Tuesday, November 7, 2017

The Good, the Bad, and the Annoyance of Writing Rules (Julie)

As a writer, have you ever started reading a book and then stopped because it goes against most or seemingly all the rules you’ve learned about the writing craft? In my journey as a writer, I’ve come a long way, but of course, still have much to learn. I had no clues about the craft of writing until I joined a critique group and started hearing and learning all these "rules" that editors and agents want us to use.

For example, we are told to "show" not "tell". This makes sense, especially if you are writing in deep point of view where you are writing from the main character's head. We don't say to ourselves, "I felt hurt." Inside we go through the emotions and actions of being hurt. That's what we are supposed to show the reader. It makes it more powerful and bridges a connection from character to reader.

There's also the "no adverbs" rule, or at least only one used rarely. You never realize how many times you use an adverb until you purposely go back and look for them. Instead of an adverb, you are to use an strong verb. To be honest, it can require a lot more effort to not use the adverb. But, rules say no use them sparingly!

So I write away, trying to remember to incorporate these rules, which can be quite frustrating at times. Then I pick up a newly released book and start reading. And glaring at me from the pages are "telling" statements and more than one adverb on a page! I throw the book across the room in disgust...not really, but I do many times stop reading it because it doesn't follow the rules. I'm so ingrained with certain things like a story shouldn't be "telling" that when I start reading one that does, I lose interest. I want to feel with the character, not told mindlessly that he or she is sad, or happy, or feels a certain way. One of my first thoughts is how did it get published if it goes against what editors want?

The thing that really gets me are the stories with adverbs floating around everywhere. I'm thinking, why can they get away with it but not me? So I've started sneaking a few more into my story.

These are just some of the random musings from the mind of an aspiring writer because I very recently checked out a book that was so "telling" I sent it back to the library. Do you ever face the same struggles of wanting to read a book but then can't because it goes against what you've learned? Or maybe you've thrown the rules out the window and write how you want in your own style and voice?


  1. I feel your pain, Julie. It's incredibly frustrating. I've discovered that the focus shouldn't be on the rules but on the readers. Did adverbs and telling bother you as a reader? Or is it only the advice of other writers that makes these issues bother you? I don't mean an extreme use of them, but a moderate one. I recently gobbled up three books in a medieval murder mystery series. I noticed broken rules, but it didn't really bother me as a reader. I was still intrigued by the story. I think as writers we take these rules too seriously and lose sight of the principle--to make our work a pleasant reading experience for the reader. Sometimes I feel like we've been crippled by Pharisee-like writer "teachers" making up impossible rules because rules make them feel better and give them something easy to mark on someone else's work. It's much easier to thoughtlessly strike out an adverb than explain why a scene isn't working or why that grammatically correct sentence doesn't "sing."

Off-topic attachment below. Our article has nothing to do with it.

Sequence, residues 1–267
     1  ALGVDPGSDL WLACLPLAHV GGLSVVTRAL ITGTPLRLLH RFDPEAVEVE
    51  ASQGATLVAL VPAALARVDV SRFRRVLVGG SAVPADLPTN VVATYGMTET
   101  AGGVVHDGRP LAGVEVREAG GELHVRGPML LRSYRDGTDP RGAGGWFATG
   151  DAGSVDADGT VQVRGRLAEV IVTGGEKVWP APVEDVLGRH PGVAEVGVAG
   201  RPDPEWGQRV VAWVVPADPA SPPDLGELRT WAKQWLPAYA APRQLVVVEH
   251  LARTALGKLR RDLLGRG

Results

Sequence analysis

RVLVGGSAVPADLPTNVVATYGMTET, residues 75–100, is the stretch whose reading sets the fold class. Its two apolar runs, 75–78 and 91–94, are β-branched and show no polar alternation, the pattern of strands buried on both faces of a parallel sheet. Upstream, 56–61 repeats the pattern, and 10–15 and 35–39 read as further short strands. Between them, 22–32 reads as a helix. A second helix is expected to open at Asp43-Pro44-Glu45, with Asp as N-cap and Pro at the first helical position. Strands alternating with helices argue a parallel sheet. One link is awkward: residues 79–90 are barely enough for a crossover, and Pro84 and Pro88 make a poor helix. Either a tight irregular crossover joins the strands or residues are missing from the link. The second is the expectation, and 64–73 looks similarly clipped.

2. I follow the "no adverbs" rule religiously (haha -- did you see what I did there?) :-) But it doesn't bother me much as a reader, unless I'm seeing them everywhere. I think story trumps rules, because if the story is done well, most readers won't care -- they'll just enjoy the story.

  3. I'm with you, Julie! In a lot of ways, I feel like the more I learn about writing, the more it ruins my reading experience, because I pick up on so many more issues in the books I read. But the many books out there that break all the rules are prime examples that publishers probably aren't quite as concerned about all the rules as picky critiquers :) And I agree with Jill - story trumps all!


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